Clyde Tbmbaugh, the eldest of six children, was born on a farm near Streator, Illinois, on February 4, 1906. He enjoyed exploring the heavens with his Uncle Lee and his 3-inch telescope. Clyde virtually memorized the popular astronomy book his uncle loaned him. In 1920 his father and Uncle Lee bought a new 2.25-inch scope from the Sears-Roebuck catalog for them to share.
When Clyde was 16, his family moved to a rented farm near Burdett, Kansas, and his uncle insisted that he take the new telescope with him. So much work needed to be done on the farm that Clyde dropped out of school for a year to help. In 1925 he graduated from Burdett High with a longing to be a college professor. But even a college education seemed out of reach. He was needed for farmwork.
Yet the lure of astronomy was strong. In 1926, Clyde fashioned an 8-inch reflecting telescope. He made the mirror out of ship porthole glass, the tube out of pine boards, and the mount out of discarded farm machinery. But the curvature of the mirror was not very good, and he was disappointed with his view of the features on Mars.
With his father's help, Clyde built a storage and storm cellar that could also provide the stable air needed for telescope-mirror testing. He then made a fine 7-inch reflector and sent it to his Uncle Lee. His uncle paid him, and Clyde plunged the money into a 9-inch mirror of his own. His days belonged to farmwork, but his nights were devoted to observing the skies and carefully sketching the planets. He completed his excellent new telescope in time to enjoy the 1928 close passage of the Earth by Mars.
The growing season of 1928 was developing in to one of the best the family had ever known win, a sudden hailstorm ruined the crop just befo^ harvest. Clyde decided against a career in fanrf He was 22 years old. He needed to get a job toe«« some money to help his family through the crisis He weighed joining the railroad as an apprentice fireman or trying to start a telescope-making business. He sent a few of his meticulous sketches of Jupiter, Saturn, and Mars off to the Lowell Observatory for appraisal. "It was the only planetatj observatory I knew of," he confessed years late
His letter arrived at an opportune time. Vesto Slipher, the observatory director, was looking fa a committed young observer to resume the photographic search for a trans-Neptunian planet suspected by observatory founder Percival Lowe] and upon which he had invested so much effort. Slipher, his brother Earl, and Carl Lampland, the three professional astronomers on the Lowei Observatory staff, had all grown up doing fan»-work. Slipher invited Tombaugh out to Arizona on a three-month trial basis. Clyde's family drove him 30 miles to the nearest railroad station. His fatho advised him, "Clyde, make yourself useful, and beware of easy women." The Kansas he left had for its state motto Ad astra per aspera—"To thestan through difficulties."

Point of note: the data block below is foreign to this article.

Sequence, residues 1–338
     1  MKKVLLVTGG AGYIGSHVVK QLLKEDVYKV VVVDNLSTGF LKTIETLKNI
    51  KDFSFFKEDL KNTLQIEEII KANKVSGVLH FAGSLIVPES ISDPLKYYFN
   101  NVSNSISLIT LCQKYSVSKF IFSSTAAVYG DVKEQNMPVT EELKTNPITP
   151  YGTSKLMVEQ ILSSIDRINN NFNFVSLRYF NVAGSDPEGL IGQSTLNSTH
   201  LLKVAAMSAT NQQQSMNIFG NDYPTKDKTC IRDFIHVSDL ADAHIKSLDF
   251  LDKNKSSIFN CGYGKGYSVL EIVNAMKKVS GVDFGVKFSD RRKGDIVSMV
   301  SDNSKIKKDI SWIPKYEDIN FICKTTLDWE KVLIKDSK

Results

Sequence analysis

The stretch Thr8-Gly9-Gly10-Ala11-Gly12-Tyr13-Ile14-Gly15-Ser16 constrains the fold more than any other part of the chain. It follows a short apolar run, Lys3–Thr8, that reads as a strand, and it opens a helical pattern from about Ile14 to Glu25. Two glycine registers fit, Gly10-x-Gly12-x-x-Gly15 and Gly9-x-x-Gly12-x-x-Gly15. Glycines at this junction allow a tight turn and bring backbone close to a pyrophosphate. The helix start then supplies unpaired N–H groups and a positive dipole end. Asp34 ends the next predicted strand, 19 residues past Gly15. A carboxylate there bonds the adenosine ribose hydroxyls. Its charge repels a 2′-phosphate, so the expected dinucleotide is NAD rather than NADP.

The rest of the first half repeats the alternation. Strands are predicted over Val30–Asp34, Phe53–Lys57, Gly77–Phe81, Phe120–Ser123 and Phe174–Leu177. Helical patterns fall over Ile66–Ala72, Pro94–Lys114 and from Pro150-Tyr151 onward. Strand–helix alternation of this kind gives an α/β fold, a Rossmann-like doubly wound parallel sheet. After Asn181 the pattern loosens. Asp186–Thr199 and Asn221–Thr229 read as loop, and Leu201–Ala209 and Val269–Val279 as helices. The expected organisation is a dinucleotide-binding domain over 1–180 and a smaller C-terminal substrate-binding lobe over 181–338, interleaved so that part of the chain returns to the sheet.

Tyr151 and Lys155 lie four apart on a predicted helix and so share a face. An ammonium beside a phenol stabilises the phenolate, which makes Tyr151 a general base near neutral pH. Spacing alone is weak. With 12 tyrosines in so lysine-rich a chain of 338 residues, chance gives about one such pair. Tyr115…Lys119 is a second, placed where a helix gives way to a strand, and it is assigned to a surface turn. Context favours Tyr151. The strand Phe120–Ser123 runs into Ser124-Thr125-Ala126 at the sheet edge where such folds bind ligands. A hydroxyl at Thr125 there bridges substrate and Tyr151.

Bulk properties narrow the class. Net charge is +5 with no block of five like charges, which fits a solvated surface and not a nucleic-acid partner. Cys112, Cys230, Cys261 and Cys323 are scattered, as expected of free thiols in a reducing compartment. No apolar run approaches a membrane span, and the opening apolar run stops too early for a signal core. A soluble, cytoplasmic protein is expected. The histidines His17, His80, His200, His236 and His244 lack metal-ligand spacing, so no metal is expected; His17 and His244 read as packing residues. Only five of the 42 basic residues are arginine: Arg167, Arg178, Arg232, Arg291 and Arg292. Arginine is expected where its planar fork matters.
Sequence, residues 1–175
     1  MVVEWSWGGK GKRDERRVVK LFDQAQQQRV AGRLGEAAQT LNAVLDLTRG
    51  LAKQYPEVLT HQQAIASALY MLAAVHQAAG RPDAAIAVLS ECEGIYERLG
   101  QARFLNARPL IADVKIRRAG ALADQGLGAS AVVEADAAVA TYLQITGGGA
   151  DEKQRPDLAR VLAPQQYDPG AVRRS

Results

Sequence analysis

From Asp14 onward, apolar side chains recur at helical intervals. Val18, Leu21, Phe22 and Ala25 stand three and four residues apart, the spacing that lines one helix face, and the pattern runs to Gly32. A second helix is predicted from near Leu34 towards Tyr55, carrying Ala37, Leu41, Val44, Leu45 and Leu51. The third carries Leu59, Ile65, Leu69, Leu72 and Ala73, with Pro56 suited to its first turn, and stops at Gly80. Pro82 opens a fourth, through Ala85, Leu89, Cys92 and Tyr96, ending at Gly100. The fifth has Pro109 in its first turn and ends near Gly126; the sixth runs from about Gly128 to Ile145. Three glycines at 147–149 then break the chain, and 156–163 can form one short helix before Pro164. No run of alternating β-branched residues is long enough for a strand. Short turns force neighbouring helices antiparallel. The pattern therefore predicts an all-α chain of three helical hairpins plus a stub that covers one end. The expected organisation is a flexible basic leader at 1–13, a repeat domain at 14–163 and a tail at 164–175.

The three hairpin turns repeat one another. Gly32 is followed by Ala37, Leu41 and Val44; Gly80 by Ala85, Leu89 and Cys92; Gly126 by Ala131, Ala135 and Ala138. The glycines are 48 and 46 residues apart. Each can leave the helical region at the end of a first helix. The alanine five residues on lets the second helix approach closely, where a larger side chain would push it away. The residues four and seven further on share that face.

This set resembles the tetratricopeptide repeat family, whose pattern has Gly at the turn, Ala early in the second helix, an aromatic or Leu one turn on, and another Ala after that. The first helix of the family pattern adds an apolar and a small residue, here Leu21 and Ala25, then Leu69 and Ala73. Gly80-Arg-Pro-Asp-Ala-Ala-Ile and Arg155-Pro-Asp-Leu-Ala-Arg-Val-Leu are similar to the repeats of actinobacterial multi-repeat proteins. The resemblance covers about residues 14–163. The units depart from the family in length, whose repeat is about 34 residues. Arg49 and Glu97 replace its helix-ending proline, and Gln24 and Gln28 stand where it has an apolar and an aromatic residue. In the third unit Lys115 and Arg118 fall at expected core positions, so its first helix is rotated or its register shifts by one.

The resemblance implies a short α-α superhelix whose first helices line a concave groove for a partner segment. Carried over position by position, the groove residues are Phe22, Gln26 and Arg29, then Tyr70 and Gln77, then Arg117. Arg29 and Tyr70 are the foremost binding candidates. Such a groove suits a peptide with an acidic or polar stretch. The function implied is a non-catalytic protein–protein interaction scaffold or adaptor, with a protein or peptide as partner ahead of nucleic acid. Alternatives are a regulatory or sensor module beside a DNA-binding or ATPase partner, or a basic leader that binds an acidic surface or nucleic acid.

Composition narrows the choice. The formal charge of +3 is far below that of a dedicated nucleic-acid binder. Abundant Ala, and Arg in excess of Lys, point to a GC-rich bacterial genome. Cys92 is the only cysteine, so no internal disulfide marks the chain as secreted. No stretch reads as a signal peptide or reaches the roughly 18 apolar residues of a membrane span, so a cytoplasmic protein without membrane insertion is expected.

Tbmbaugh arrived in Flagstaff on January 15 1929, after a train ride of 28 hours. He didn't have enough money to sleep in a Pullman berth. Hi didn't have enough money for a train ride home
'This and the following quotaUon are from Clyde W. Tomhau^* Patrick Moore, Out of the Darkness: the HlanH Hluto (HantsM»'»» sylvania: Stackpole Books. 1980|. p. 25.
raph each region three times. The two most nearly identical to Ptl0^u|£j jje blinked against one another. The third plate and pic-S(aken by a 5-inch (13-centimeter) telescopic camera mounted pig-tUl»ck on the telescope tube would be kept for comparison and—hope-
Tombaugh started in Cancer, to the east of Lowell's predicted location
Slipher met him at the station, and Tombaugh moved into a bedroom at the observatory.
The lens for the 13-inch telescope to be used for the search had not yet arrived, so Clyde was pressed into service showing tour groups around the observatory, stoking the furnace in the ad ministration building (as all the staff did), carefully pushing snow off the canvas dome for the 42-inch telescope, and painting the 13-inch telescope tube red.
The lens arrived in February. Slipher coached him through the photographic process, and quickly Tombaugh was on his own. He faced a series of problems that threatened the very precise work necessary. When the clock drive of the telescope (to keep it pointed at the proper star field as the Earth rotates) turned through a particular position, one of the telescope axes slipped slightly, creating double images of each star. Such a photograph was useless for blinking. A second problem was that the glass photographic plates he was using shattered in the numbing cold—and with a crack so loud Tombaugh feared that the expensive telescope lens had broken. It was up to him to find the cause and invent a fix for each problem. He did. For the axis slippage problem, he ran the telescope ahead and then backed it up through the problem point so that there would be no slippage when it ran forward. For the problem of the photographic plates that cracked, he found a new way to fasten them onto the telescope so that the corners could expand or contract before being tightened down.
Slipher was pleased with Tombaugh's progress. "We think he is going to develop into a useful man. He has several good qualities that are going to make up for his meager training He has a good attitude: careful with apparatus, willing' to do anything to make himself useful and is enthusiastic about learning and wants to do observing."2
2Lctter of February 7. 1929, to Roger Lowell Putnam, ftrcival's nephew and sole trustee of the observatory. Quoted by William Graves Hoyt. Pljnets X and Pluto fl\jcson. University of Arizona Press, 1980). p. 181.
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